For one thing, the star chosen for both the Arabic and English language covers is Bella Hadid, 20, the American-Palestinian supermodel of the moment. The decision comes just months after Ms. Hadid’s sister Gigi appeared on the cover of the magazine’s inaugural issue in a custom-made jeweled veil. That choice prompted allegations of cultural appropriation and a missed opportunity to feature a non-Western model, charges that may now resurface.
Ms. Hadid was photographed for the September issue by the designer Karl Lagerfeld in a series of head-to-toe looks from the Italian fashion house Fendi, of which Mr. Lagerfeld is the creative director. In one shot, Ms. Hadid, her hands outstretched, wears a high-necked scarlet silk dress with billowing sleeves and matching pointed-toe leather boots. In another, she wears a black jacket with a PVC collar and fur-trimmed sleeves. Her hands are sheathed by sheer polka-dot gloves, and her black pixie crop is covered by a fascinator. Her gaze comes from behind a netted veil.
The attire in both cover portraits is modest, but not explicitly Muslim, in keeping with the values of the majority of the magazine’s readership as well as encapsulating a major trend on the runways of the fashion capitals.
Manuel Arnaut, the editor in chief of Vogue Arabia, who was appointed after the abrupt departure of the original editor, Deena Aljuhani Abdulaziz, in April after just two issues, praised the pairing of Ms. Hadid and Mr. Lagerfeld. He called the September cover “a momentous occasion” for the magazine, which goes on sale Aug. 30.
“Bella Hadid is one of the most celebrated models of the time, plus she has a link with the region, being half-Palestinian but also a Muslim,” Mr. Arnaut said in a telephone interview on Monday. “She is the perfect fit for Vogue Arabia.”
“We constantly look for people and content that will resonate with our core readers,” he said, pointing to previous cover stars like the Muslim model Halima Aden and the content of the September issue. It will include a street style piece on hijab-wearing modest fashion muses, a profile on the emerging actress Amira Khalil and a feature on members of Middle Eastern royalty creating fine jewelry collections.
“That said, it is also about finding a balance,” Mr. Arnaut said. “The Arab world is not a ghetto. It is a highly informed, international and cultured region where global stars like the Hadids have a cult following. Karl Lagerfeld is a legendary figure for fashion fans in the Middle East, too. We champion what goes on inside our borders, but our mission as a magazine is to cover what goes on outside them as well. That is real diversity.”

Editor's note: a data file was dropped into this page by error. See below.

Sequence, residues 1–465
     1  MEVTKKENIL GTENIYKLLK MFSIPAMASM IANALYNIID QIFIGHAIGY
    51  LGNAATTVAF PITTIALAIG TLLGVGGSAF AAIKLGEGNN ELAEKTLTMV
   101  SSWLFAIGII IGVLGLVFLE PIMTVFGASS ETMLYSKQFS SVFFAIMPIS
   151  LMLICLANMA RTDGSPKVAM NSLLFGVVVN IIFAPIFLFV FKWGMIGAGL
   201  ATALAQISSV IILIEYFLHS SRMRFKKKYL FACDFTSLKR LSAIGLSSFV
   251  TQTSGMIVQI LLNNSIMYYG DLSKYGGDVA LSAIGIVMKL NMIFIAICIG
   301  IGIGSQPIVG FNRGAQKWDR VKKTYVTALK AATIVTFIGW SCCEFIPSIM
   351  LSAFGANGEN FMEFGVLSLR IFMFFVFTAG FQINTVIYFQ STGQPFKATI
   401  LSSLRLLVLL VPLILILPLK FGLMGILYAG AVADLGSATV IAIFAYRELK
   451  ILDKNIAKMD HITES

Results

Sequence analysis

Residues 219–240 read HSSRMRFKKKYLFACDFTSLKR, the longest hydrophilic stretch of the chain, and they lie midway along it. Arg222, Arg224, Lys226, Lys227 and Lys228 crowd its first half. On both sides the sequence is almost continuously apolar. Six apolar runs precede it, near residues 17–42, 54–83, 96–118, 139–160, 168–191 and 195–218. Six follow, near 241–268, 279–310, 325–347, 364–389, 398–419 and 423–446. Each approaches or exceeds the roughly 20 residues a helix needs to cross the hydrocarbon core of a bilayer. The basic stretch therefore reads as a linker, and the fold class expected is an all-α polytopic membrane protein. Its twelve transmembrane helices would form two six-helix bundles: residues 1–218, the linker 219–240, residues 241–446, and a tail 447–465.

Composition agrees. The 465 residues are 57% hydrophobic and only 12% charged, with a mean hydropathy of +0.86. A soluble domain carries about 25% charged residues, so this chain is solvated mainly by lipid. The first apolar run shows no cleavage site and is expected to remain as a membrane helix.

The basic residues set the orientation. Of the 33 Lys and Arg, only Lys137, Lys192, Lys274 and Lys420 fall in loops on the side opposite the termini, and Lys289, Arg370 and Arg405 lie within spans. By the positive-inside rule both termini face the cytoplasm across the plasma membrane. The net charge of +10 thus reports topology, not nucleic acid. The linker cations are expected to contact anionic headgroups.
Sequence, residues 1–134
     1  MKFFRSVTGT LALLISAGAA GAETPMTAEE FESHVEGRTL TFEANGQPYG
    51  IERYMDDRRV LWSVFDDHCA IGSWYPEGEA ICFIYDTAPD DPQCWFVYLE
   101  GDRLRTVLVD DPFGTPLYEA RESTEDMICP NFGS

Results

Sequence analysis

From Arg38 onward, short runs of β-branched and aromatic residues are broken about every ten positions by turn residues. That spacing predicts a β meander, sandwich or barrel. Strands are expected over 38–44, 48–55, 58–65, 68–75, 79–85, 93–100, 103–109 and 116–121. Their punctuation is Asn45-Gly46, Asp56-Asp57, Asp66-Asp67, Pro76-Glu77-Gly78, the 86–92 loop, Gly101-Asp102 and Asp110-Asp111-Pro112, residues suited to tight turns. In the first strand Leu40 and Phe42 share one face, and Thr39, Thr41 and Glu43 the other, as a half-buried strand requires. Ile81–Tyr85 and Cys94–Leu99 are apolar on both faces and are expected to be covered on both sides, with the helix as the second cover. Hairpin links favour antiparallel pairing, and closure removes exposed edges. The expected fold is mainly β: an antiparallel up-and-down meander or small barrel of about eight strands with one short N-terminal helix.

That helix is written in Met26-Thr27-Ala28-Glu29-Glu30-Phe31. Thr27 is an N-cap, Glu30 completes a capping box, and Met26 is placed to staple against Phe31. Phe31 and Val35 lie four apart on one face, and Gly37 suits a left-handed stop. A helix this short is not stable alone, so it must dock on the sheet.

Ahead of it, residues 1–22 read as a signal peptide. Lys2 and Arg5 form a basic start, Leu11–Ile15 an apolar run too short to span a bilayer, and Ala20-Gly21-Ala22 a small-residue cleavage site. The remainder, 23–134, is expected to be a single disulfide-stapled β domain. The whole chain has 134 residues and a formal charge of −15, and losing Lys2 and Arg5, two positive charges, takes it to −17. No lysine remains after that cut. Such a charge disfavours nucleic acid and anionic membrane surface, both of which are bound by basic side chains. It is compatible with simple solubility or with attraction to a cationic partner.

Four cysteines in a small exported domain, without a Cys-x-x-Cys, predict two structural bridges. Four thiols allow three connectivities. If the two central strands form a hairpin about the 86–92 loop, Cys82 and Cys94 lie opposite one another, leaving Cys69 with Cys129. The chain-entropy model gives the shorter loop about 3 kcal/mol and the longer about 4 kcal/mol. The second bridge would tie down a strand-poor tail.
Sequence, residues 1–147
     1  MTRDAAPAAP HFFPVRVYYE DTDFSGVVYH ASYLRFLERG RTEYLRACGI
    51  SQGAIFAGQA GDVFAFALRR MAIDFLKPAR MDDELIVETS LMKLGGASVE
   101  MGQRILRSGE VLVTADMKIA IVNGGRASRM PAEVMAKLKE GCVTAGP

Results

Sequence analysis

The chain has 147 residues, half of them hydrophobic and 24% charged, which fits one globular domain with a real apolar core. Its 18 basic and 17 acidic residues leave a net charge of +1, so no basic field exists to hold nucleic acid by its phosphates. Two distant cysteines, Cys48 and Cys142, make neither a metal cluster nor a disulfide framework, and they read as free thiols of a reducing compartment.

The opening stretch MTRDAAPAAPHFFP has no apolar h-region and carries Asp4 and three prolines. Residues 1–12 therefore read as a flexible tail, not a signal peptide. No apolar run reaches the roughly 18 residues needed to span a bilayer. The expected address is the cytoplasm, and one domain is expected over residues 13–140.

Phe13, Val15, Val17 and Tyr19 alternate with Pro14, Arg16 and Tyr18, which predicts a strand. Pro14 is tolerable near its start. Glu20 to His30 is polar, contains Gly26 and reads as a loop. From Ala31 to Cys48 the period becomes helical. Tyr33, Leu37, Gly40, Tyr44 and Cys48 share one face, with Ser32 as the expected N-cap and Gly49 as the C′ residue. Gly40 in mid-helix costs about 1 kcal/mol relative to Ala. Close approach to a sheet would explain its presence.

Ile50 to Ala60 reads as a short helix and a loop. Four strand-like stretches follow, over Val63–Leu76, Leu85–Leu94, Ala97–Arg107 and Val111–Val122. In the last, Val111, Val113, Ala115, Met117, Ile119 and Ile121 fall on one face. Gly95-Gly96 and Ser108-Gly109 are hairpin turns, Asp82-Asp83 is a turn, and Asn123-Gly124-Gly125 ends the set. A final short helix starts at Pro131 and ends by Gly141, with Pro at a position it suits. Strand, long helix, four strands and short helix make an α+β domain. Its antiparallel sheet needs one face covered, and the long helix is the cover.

Some observers have suggested that in the last year there has been a subtle rebranding of Gigi and Bella, and their model brother, Anwar, from West Coast beauties to more cross-cultural American-Palestinians — and at a time when political tensions have flared.
Others suggest that like many young people, the siblings are on a path of self-discovery in which they feel more comfortable openly discussing their upbringing and their faith. Thanks to their high profiles huge numbers of followers on social media, they have also become powerful weapons against Islamophobia. Their father, who was born in Nazareth and raised in Syria and Lebanon, raised his children to be observant, they have said.
“He was always religious, and he always prayed with us,” Bella said in a recent interview, opening the door for fresh debate about representation of diversity as it exists in the Muslim community. “I am proud to be a Muslim.” She has been open about her opposition to President Trump’s travel ban, attending a rally in New York in January.
“There is no question that Bella and Gigi Hadid have become very popular with millions of young and aspirational Muslims, who love that they have celebrities of that stature with whom they can relate, despite their more liberal interpretation of how to practice the faith,” said Shelina Janmohamed, vice president of Ogilvy Noor, an Islamic branding consultancy. Ms. Janmohamed noted that some local publications are attempting to brand the family as “the Kardashians of the Middle East.”
“That said, there is also a question around authenticity for Muslims, which will likely prove challenging for the sisters,” Ms. Janmohamed said. “Bella Hadid’s everyday wardrobe is hardly modest. A more conservative audience, when thinking about what a Muslim woman should look like, will inevitably pose questions about how they connect to their heritage and whether they live out Muslim values. When Halima Aden graced the cover of Vogue Arabia, there was never any suggestion that her identity and motivations fitted in with the region.”
As the modest fashion movement continues to spawn commercial interests, brands entering key markets in Southeast Asia and the Middle East are faced with a decision neatly encapsulated by Vogue Arabia’s September issue: Do they continue with the original conception of a brand, centered on Western ideals, or should a brand strategy shift to both localize and diversify as the cultural expressions of the regions become ever more dominant.
For Mr. Arnaut and Vogue Arabia, walking a fine line between the two appears to be the answer.